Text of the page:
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Extending geographic information systems to urban morphological analysis with a space syntax approach
University of Gävle, Faculty of Engineering and Sustainable Development, Department of Industrial Development, IT and Land Management.
2012 (English)Independent thesis Advanced level (degree of Master (One Year)), 10 credits / 15 HE creditsStudent thesis
Abstract [en]

Branches of complexity theory have been widely employed in geographic information systems (GIS) to explore phenomena that appear in urban environments. Among these, space syntax, as an urban morphological application of complexity theory, has attracted increasing attention in recent years.

Accordingly, many computer-based tools have been developed to realize related analysis spatially, especially those that can be integrated as functions with GIS. In this thesis, a space syntax tool – Axwoman – is redeveloped and tested as an extension of ESRI ArcGIS Desktop in order to fulfill certain specific needs in urban morphological analysis. It is primarily used to calculate all space syntax measures for several urban systems and to explore the relationships between these measures. To meet the needs for this new version of Axwoman, several functions have been updated and changed, for drawing, coloring, and classifying axial lines as maps for visual thinking; ticking overpasses and excluding them from computing space syntax parameters; and integrating AxialGen and Axwoman.

In accordance with this, several case studies have been performed on the urban street networks in large cities. In this paper, Stockholm was chosen as the study object at both the urban level and the building level. After the scaling analysis and time efficiency analysis, the results are also interpreted from a structural point of view and in terms of how the function of space is subject to its morphological structure. Finally, the connectivity of axial lines (a spatial measurement in space syntax theory) was found to follow a power-law distribution.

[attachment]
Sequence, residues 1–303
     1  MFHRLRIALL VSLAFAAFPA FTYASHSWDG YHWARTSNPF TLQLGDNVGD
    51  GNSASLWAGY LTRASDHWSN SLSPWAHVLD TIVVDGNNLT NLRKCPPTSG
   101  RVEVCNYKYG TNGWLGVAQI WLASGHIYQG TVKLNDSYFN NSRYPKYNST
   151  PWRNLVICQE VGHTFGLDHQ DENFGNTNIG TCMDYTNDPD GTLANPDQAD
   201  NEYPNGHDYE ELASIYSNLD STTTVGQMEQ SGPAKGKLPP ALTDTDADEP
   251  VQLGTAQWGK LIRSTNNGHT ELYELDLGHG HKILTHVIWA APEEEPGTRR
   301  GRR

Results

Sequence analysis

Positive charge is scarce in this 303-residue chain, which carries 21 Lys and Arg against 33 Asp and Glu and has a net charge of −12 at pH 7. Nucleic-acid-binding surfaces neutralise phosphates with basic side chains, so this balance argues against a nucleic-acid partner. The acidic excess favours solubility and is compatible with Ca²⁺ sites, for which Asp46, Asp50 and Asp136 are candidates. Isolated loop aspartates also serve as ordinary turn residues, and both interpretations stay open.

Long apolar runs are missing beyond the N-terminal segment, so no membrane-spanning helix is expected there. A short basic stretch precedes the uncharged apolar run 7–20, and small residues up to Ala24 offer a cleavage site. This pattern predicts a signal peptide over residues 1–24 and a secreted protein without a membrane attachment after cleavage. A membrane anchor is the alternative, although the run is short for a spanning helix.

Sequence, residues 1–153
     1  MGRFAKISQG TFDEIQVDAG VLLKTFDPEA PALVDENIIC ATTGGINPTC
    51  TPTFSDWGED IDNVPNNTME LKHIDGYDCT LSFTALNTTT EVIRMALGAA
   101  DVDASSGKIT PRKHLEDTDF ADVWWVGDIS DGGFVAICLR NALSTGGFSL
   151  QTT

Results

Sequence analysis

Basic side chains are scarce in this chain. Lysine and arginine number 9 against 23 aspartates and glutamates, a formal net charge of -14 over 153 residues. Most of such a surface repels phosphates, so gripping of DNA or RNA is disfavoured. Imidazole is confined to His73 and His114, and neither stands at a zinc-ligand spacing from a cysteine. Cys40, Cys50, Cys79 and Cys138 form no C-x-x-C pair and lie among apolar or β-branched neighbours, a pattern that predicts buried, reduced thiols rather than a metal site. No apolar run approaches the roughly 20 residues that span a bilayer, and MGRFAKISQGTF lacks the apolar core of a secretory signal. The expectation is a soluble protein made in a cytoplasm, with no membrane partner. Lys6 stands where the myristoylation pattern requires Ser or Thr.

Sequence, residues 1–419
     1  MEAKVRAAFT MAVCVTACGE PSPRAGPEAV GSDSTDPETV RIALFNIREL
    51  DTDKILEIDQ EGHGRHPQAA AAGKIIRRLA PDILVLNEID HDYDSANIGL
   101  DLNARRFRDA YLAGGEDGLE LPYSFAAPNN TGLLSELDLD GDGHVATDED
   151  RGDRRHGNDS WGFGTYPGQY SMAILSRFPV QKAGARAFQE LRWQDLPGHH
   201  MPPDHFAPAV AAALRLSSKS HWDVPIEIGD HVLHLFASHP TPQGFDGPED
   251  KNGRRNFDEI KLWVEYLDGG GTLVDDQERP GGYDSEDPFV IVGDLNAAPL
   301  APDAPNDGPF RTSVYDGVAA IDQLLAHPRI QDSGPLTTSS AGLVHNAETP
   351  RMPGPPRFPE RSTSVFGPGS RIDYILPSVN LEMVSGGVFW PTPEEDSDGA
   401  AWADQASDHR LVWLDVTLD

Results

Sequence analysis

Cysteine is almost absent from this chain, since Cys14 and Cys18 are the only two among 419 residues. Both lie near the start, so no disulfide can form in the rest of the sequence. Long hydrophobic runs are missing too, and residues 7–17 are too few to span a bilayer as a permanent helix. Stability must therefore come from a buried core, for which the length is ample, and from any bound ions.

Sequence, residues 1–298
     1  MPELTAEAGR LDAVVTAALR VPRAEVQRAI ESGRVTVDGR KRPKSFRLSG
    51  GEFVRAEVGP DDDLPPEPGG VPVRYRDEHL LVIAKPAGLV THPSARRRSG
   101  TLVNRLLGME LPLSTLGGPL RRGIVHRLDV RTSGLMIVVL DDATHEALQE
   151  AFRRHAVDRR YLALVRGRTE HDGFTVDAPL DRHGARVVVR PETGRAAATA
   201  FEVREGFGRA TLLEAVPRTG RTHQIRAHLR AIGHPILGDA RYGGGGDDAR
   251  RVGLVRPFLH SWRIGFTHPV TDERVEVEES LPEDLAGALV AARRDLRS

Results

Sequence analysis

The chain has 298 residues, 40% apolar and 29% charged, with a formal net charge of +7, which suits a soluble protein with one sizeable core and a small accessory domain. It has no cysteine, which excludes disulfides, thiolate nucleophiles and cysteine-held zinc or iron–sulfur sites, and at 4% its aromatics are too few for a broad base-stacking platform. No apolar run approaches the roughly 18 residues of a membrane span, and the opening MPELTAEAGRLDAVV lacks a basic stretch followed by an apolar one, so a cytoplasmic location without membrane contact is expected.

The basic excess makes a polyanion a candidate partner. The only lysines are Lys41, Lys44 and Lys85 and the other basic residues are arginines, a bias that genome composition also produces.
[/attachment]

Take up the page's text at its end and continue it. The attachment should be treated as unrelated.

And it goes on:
Through this work, the new edition of Axwoman generating satisfactory outputs, the research have proved that the connectivity of axial lines follows a lognormal distribution or a power-law-like distribution, which is one of the heavy-tailed distributions. In addition, it was have found that axial lines better for capture the underlying urban morphologies showed in their study on redefining the generated axial lines from street center lines. Moreover, fewer longest axial lines will show up on the maps, just as coincidental as the shape of mental maps, which proved that the axial line representations can be a powerful tool for urban studies.

Place, publisher, year, edition, pages
2012. , vii + 44 p.
Keyword [en]
geographic information systems, space syntax, Axwoman, axial lines, scaling analysis, topological scaling analysis
National Category
Geosciences, Multidisciplinary
URN: urn:nbn:se:hig:diva-13384OAI: diva2:567667
Subject / course
Educational program
Geomatics – master’s programme (one year) (swe or eng)
, Kungsbäcksvägen 47, Gavle (English)
Life Earth Science
Available from: 2012-11-15 Created: 2012-11-13 Last updated: 2015-12-11Bibliographically approved

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Department of Industrial Development, IT and Land Management
Geosciences, Multidisciplinary

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